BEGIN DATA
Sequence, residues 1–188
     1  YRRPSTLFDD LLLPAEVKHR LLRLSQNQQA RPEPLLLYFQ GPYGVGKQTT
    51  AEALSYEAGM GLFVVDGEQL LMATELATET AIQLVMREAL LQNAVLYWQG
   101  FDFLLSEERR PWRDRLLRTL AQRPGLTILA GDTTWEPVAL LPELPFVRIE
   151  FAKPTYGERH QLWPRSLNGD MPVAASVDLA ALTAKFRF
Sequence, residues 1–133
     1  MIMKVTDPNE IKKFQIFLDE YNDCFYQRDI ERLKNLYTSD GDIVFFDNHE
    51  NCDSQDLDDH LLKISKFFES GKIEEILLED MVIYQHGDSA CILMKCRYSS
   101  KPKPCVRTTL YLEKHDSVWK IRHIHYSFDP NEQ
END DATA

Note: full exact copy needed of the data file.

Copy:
Sequence, residues 1–188
     1  YRRPSTLFDD LLLPAEVKHR LLRLSQNQQA RPEPLLLYFQ GPYGVGKQTT
    51  AEALSYEAGM GLFVVDGEQL LMATELATET AIQLVMREAL LQNAVLYWQG
   101  FDFLLSEERR PWRDRLLRTL AQRPGLTILA GDTTWEPVAL LPELPFVRIE
   151  FAKPTYGERH QLWPRSLNGD MPVAASVDLA ALTAKFRF
Sequence, residues 1–133
     1  MIMKVTDPNE IKKFQIFLDE YNDCFYQRDI ERLKNLYTSD GDIVFFDNHE
    51  NCDSQDLDDH LLKISKFFES GKIEEILLED MVIYQHGDSA CILMKCRYSS
   101  KPKPCVRTTL YLEKHDSVWK IRHIHYSFDP NEQ